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Human Hands

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Study the picture. It tells us many stories, doesn’t it? Three hands, all human hands, but each one different. You can tell easily which is the father, the mother, the baby. What do these hands say to you? Can you guess, just from seeing the hands, how each of these people may be feeling?

Human Hands, by H. Armstrong Roberts

Human Hands, by H. Armstrong Roberts

Do you notice how different each hand is? Look at the hands of each person in the class. Are they all alike, or are they different? Does anyone think he could name all the people in the class if he could see only one hand of each person? Try it. Let all except one person go quietly outside the door. Each person in turn will show his hand in the doorway. Did the person who stayed in the room name them all correctly? Does anyone else want to try?

Sometimes detectives, or others who have studied hands, can tell a good deal about a person just by looking at his hands. How do your mother’s hands look different from your grandmother’s hands? How are your hands and your father’s hands different? Can you tell something about age by looking at hands?

Suppose you were looking at the hands of a man who worked out in the woods all winter; would they look the same as your teacher’s hands? What other kinds of work do you think you might guess by looking at the worker’s hands?

But all of these hands have one thing in common — one thing that no animal paw except that of the chimpanzee and ape has. Do you remember what this was? Have you thought of things you can do with your thumb that you would not be able to do without it? Do you want to try some things that will show how much difference the thumb makes to you?

Take a piece of adhesive tape and bandage your thumb to your hand so that you are not able to use the thumb at all. Do this to both of your hands. Now try to write. Try to draw a picture. See how well you can pick up some dried peas or beans. Hold a book and read from it and turn the pages. Think of other things to try. Is your thumb very important to you?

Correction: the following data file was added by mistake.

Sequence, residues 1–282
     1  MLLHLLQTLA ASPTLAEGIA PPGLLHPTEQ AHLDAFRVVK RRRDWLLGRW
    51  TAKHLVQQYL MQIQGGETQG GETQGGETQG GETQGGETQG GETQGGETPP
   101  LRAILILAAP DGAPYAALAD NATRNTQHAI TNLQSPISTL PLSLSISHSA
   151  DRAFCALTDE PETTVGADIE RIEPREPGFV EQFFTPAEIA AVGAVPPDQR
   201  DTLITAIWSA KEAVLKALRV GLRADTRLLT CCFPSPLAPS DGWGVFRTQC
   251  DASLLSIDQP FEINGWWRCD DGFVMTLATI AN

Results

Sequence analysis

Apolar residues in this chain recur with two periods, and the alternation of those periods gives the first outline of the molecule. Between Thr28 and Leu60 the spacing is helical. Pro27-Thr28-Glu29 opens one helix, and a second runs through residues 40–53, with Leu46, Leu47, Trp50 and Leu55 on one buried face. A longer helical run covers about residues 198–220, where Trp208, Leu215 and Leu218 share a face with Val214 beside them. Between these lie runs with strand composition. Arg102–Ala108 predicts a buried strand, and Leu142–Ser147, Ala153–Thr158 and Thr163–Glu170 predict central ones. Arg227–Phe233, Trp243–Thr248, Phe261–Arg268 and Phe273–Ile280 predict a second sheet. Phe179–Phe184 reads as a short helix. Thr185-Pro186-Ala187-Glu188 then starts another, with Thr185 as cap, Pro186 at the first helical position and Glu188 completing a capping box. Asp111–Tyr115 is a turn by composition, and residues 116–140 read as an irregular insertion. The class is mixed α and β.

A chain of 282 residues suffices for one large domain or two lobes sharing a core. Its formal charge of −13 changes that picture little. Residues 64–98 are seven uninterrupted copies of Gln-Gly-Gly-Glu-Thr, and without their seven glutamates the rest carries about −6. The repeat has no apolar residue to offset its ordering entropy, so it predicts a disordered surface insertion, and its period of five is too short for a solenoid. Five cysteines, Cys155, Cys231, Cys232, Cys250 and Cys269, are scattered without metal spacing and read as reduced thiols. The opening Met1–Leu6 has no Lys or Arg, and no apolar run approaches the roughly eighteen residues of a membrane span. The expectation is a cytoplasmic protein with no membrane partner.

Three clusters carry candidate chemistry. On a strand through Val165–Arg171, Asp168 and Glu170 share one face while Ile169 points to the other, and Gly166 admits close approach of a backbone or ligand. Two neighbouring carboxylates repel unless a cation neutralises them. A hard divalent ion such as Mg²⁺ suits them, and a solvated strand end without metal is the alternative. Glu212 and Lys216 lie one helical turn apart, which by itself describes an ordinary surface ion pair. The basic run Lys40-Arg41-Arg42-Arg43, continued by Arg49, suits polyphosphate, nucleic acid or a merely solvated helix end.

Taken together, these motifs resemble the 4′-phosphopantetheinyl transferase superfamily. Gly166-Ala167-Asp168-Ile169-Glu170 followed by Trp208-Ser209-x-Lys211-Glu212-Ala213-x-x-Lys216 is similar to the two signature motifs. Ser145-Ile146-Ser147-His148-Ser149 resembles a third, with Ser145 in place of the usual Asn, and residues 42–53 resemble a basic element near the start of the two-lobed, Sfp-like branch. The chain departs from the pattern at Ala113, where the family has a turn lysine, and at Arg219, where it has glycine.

You had to learn to use your arms, your hands and your thumb. When we watch babies who are learning, we find that they can first move the whole arm, then they learn to bend and use their elbows, and then they learn to use their wrists.

Watch babies of varying ages trying to pick up something small (give them a tiny bit of cracker or something their mother doesn’t mind their eating, because all babies will put it right into their mouths). You will discover that at first they try to use the whole hand (“cup it up,” we say); then they will try to get the object between their fingers (a “scissors grip,” we call it); and finally they will be able to use their thumb. We call this using an “opposable thumb,” and it is one of the things that has been very important to man, because it has meant he could do so many things he would never have been able to do otherwise.

This development of the ability to pick things up is what we call a “sequence of development,” meaning that every baby learns things in this order, although they do not all learn at exactly the same age.

There are several things that man can do that no animal (except sometimes the great apes) has ever been known to do: (I ) Man uses his opposable thumb to do things that only the great apes can do. (2) Man has a language that uses words which he can arrange in any order he wants for meaning, instead of just a few sounds and cries which mean only one thing. (3) Man has made and used many tools. (4) And man can draw pictures so that other people know what he is “seeing in his mind.”

Now look back at the “hands” on the cover, the “hands” of the squirrel in the first session and the human hands that illustrate today’s lesson. Try to remember during the week that your hands are human hands, and that they are controlled by your human mind. Keep noticing all during the week the things that a human hand can do.

Things to Talk About

  1. A very famous poet (Walt Whitman) once wrote a poem with this line in it, “And the smallest hinge in my hand puts to scorn all machinery.” Talk about what you think he meant when he wrote it.
  2. Would you like to write a poem about animal paws and human hands? Perhaps you would like to divide into groups and some of you write poems, and the rest of you make illustrations for the poems.

Things to Do at Home

  1. Notice during the week the things that you cannot do without using your thumb, or things that are easier when you use it. Keep a list of these.
  2. Try to find as many pictures as you can of hands doing things, and bring them to class next week; we shall be using them for several sessions.
  3. If you are near any babies who are under a year old this week, see if their mothers will let you give them a little piece of food to pick up. Keep a record of how many times they “cup it,” 66scissors‑grasp it” or “use the opposable thumb.” Perhaps you could look over your old baby pictures and see if there are any where you were trying to learn to pick up things.